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Corporate scams deal a big blow to Japan's image

By Cai Hong | China Daily | Updated: 2017-10-23 07:35

Corporate scams deal a big blow to Japan's image

The imposing red and white chimneys of Kobe Steel Ltd plant dominate the harbor of Kakogawa, Hyogo, Japan. [Photo/Agencies]

Two recent scandals have tarnished Japan's image of a manufacturer of quality products.

On Thursday Nissan Motor Co said it is suspending domestic production of vehicles for the Japanese market for at least two weeks to address misconduct in its final inspection procedures that has led to a recall of 1.2 million of its vehicles.

This was followed by a more catastrophic scandal: On Oct 8, Kobe Steel admitted it has systematically faked data about the strength and durability of some aluminum and copper for more than a decade, while its former employees said the data tampering dates back to the 1970s. The 112-year-old steel-maker's fraud has very serious consequences as its aluminum and copper products have been used by Japanese companies, and their overseas counterparts such as general Motors and Boeing, to make a wide range of products, from cars, bullet trains, planes and rockets to defense equipment. Kobe Steel says the aluminum and copper data was fabricated because of delivery deadlines.

The US Justice Department has demanded Kobe Steel to submit its documents related to the fabrications. And the European Aviation Safety Agency has asked companies to suspend the use of Kobe Steel products if possible.

Some analysts have ascribed the company's fraud to fierce competition from "newcomers" to the industry such as India and China.

Japan slipped one spot to ninth on the list of 137 countries and regions in the Global Competitiveness Report 2017-18 issued by the World Economic Forum on Sept 26, while some other economies in the Asia-Pacific region, including China, moved up.

The decline in Japan's competitiveness can be partly attributed to the massive government debt, lingering deflation and the inflexible labor market despite its comparatively high-quality infrastructure and education level of its workforce. The WEF report warned that advanced economies, including Japan, are showing signs of declining productivity, and stressed they need technological innovation.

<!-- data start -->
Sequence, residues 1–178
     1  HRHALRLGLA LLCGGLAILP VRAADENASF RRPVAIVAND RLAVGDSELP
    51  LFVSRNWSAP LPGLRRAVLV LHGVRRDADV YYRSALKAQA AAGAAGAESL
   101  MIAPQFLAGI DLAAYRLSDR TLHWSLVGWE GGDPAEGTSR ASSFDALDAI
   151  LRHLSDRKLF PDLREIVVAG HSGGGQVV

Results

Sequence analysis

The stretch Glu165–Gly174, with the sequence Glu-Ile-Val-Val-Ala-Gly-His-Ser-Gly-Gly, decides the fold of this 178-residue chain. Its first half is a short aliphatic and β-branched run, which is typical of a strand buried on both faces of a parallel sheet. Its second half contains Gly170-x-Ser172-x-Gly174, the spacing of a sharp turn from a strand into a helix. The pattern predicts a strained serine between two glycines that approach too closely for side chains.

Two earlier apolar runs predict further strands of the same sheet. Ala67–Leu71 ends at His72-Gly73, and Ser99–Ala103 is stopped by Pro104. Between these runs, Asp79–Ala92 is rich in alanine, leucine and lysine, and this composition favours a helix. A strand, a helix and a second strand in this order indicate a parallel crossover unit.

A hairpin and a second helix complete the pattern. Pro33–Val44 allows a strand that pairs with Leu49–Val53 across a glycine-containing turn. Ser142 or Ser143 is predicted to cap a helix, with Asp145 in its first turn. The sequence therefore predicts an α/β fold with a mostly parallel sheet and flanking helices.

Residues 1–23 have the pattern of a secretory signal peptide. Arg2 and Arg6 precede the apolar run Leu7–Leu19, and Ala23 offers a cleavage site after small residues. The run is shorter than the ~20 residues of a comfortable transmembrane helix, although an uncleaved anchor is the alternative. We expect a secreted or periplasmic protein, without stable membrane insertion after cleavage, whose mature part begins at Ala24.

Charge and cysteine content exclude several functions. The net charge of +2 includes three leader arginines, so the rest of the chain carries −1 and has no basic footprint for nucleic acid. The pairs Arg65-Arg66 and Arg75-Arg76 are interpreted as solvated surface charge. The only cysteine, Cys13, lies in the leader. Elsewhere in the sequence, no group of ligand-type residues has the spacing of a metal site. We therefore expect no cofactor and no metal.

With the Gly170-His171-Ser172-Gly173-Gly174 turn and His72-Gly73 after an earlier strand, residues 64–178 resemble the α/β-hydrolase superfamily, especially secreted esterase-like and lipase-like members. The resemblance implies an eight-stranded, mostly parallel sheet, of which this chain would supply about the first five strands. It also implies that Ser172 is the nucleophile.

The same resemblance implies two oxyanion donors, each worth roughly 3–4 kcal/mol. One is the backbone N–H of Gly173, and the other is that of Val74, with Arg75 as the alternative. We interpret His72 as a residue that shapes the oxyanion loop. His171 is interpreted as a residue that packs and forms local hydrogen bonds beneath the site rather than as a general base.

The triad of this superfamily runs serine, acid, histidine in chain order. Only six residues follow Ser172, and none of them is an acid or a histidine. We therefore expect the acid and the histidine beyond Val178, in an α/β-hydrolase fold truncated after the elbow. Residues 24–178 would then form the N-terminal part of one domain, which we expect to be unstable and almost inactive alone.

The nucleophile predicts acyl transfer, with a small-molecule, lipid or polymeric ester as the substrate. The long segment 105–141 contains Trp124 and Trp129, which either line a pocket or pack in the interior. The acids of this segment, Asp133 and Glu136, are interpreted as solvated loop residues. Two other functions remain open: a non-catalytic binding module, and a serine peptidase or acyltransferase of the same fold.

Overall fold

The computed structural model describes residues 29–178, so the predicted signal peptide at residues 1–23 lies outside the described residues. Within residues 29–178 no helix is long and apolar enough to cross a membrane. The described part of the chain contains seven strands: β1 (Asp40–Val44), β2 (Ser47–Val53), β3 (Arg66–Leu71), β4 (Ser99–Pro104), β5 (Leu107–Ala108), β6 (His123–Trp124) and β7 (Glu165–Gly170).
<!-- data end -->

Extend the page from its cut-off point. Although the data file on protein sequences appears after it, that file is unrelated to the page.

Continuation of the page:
Many large Japanese companies have expanded into too many areas and carry an inflexible labor force. The New York Times reported that Japanese enterprises' overseas acquisitions have doubled in value over the past three years, as declining business prospects at home have forced the previously inward-looking companies to venture into foreign markets. Desperate to attract new consumers, Japanese companies spent more than $100 billion on foreign takeovers last year, according to Dealogic, which tracks deal data. Measured in yen, it was a record high.

A string of corporate scandals in recent years have soiled the Made-in-Japan label, which for decades has been a byword for quality, and show how some Japanese companies compete with their rivals.

In 2011, Japanese medical equipment-making company Olympus Corp concealed massive investment losses. In 2015, the laptop-to-nuclear conglomerate Toshiba Corp admitted it had been doctoring accounts for years. Last year, Mitsubishi Motor Corp said it has used non-compliant fuel economy testing methods for decades. And in June this year, 84-year-old auto-parts supplier Takata, whose faulty airbag inflators have caused at least 16 deaths and 180 injuries and triggered the recall of tens of millions of cars around the world, filed for bankruptcy.

A deeply entrenched corporate culture has been blamed for these high-profile scandals. Major corporations recruit students straight from universities, more often than not offering employment for lifetime and high salaries. This employment system has resulted in unwavering company loyalty and employees' reluctance to report irregularities.

Experts say the Japanese government's measures to reform corporate governance may be partly responsible for the exposure of the scandals.

Japan adopted Corporate Governance Code in 2015, setting rules on disclosure, shareholders' rights and independent directors in an attempt to promote greater corporate discipline and cultivate a more shareholder-friendly environment for investors. The progress has been encouraging, as at least two independent directors occupy chairs on the boards of four out of five Japanese companies.

But successive revelations of corporate malfeasance have belittled the Japanese government's efforts to improve corporate governance, which is seen as the key to unlock the country's productivity in the face of an aging population and shrinking workforce.

The author is China Daily Tokyo bureau chief. caihong@chinadaily.com.cn

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